A sun-powered jacket

Researchers at the Finnish Aalto University developed a textile collection capable of generating energy via solar cells, which they turned into a jacket as proof-of-concept.

The Sun-powered Textiles project explores the possibility of using solar panels as an energy source for smart clothing “without the wearer looking like a robot”. In addition, the aim was not to attach solar cells to the surface of the textile, which would ensure maximum energy harvesting. However, it also compromises the aesthetics of the textile.

Therefore, the researchers hid the solar cells underneath a textile layer. The upper layer is purposely designed to let sunlight pass through it. The researchers measured the optical properties of 300 commercially available jackets used for professional and functional wear. They found that a variety of fabrics can be used as the cover textile, depending on the application. The fibre material, textile structure, density, colour and after-treatments all impact the optical properties of textiles.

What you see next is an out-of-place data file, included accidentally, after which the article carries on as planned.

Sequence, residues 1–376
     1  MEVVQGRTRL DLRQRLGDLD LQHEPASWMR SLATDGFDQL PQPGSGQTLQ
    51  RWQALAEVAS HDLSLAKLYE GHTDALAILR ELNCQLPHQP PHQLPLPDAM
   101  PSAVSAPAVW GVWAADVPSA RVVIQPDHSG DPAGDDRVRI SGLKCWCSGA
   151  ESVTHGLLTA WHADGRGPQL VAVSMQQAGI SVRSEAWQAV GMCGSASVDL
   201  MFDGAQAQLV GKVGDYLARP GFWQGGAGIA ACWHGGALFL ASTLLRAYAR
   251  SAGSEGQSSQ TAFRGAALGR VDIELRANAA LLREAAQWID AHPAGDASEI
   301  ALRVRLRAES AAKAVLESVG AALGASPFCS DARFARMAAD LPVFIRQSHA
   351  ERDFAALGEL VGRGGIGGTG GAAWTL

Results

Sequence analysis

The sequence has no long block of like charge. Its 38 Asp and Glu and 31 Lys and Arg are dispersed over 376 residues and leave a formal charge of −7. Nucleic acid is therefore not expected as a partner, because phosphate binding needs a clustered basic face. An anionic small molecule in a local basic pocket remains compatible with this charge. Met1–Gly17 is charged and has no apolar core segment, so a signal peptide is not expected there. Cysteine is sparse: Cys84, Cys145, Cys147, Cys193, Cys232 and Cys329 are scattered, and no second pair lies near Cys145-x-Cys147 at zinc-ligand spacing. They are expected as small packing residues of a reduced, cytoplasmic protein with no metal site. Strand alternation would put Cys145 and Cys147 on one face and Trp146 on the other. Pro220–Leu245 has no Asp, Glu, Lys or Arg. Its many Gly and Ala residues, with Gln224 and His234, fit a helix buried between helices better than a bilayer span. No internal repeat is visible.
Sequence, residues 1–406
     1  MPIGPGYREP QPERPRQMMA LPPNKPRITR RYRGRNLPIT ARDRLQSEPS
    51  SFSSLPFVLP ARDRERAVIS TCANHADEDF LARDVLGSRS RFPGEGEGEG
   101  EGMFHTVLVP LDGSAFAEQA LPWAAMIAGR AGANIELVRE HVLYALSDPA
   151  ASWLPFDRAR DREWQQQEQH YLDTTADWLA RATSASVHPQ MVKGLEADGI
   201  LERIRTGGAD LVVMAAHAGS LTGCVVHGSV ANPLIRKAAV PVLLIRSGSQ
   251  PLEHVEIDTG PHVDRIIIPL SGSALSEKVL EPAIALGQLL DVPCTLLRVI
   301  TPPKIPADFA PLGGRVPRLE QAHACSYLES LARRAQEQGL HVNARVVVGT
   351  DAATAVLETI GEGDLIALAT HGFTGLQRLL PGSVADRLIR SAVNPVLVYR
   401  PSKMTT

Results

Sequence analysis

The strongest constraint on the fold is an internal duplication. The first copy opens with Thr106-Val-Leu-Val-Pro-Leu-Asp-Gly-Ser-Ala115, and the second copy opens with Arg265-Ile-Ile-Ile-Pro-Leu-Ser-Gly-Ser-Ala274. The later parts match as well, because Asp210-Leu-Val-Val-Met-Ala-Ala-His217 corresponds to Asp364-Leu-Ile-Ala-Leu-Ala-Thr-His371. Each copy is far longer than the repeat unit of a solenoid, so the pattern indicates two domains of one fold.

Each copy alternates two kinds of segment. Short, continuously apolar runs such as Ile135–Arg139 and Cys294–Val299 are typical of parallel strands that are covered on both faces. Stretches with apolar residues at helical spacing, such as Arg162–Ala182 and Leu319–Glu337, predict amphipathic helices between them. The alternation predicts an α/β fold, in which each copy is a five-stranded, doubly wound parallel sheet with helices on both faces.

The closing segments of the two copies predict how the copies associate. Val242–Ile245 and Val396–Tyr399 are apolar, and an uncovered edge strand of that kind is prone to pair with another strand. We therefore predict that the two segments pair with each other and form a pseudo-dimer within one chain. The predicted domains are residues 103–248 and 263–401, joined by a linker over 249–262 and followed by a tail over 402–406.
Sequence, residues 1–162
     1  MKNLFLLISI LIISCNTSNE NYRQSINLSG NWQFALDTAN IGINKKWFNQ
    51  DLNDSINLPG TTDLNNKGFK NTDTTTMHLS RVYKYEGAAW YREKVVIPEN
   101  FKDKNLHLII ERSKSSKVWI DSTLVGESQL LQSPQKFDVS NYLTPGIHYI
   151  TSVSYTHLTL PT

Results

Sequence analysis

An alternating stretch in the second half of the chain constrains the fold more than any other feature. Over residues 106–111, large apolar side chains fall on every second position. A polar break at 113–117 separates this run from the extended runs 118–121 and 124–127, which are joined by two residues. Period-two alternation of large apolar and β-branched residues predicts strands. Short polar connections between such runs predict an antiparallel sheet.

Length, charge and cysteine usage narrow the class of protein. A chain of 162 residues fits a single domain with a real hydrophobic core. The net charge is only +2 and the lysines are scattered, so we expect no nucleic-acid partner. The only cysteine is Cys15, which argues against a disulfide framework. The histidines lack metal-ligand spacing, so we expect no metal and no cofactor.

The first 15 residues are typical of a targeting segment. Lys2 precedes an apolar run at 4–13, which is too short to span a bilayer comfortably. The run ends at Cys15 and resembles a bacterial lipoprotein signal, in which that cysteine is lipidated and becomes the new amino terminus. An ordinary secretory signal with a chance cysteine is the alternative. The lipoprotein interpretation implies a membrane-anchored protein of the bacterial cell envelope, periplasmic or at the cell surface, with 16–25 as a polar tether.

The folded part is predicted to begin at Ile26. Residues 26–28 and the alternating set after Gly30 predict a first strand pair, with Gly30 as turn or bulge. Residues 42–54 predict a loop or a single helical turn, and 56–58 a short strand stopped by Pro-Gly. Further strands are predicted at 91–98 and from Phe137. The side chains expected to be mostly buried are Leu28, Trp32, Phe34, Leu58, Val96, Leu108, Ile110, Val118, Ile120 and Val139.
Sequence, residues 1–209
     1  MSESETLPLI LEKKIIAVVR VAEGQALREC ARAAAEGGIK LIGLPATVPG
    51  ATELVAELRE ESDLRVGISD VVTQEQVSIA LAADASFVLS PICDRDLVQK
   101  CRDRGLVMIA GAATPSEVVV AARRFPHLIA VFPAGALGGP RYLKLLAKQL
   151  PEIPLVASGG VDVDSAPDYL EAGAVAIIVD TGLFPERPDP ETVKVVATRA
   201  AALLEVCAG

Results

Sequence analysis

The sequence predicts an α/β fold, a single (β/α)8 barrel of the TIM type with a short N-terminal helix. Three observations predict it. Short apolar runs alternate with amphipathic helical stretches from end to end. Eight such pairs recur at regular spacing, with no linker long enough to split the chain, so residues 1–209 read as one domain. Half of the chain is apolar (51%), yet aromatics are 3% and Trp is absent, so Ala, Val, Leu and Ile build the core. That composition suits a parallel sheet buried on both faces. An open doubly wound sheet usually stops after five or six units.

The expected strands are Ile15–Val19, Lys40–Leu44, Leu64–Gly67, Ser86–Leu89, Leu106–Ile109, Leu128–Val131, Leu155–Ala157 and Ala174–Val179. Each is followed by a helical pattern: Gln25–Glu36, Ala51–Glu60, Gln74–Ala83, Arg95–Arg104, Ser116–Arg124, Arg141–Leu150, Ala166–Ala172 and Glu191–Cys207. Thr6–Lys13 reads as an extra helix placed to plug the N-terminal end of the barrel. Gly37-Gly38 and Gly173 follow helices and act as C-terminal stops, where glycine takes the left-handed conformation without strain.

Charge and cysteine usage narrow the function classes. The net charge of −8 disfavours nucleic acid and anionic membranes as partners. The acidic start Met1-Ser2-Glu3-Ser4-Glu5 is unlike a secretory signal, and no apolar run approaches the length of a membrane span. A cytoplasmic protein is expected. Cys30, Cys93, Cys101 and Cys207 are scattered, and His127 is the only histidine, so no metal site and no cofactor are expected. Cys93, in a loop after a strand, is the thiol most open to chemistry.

By visibly concealing the solar cells, a broader freedom of design can be reached. At the same time, the cells still generate enough energy to power wearable devices.

Under the fabric, commercially available solar cells were inserted, which were found to be durable enough to tolerate mechanical and thermal stress during use and care. The solar cells are protected by a waterproof thermoplastic film on both sides, so clothing made of the material can be washed.

As proof of concept, the researchers created various solar cell jackets, made with different fabrics. The prototype features temperature and humidity sensors.

A jacket won’t generate enough energy to power a smartphone, but it can power sensors embedded in clothes, for instance that measure temperature or humidity.

Photos: Anne Kinnunen / Linda Lehtovirta / Emilia Pennanen / Jaakko Eskola/ Bettina Blomstedt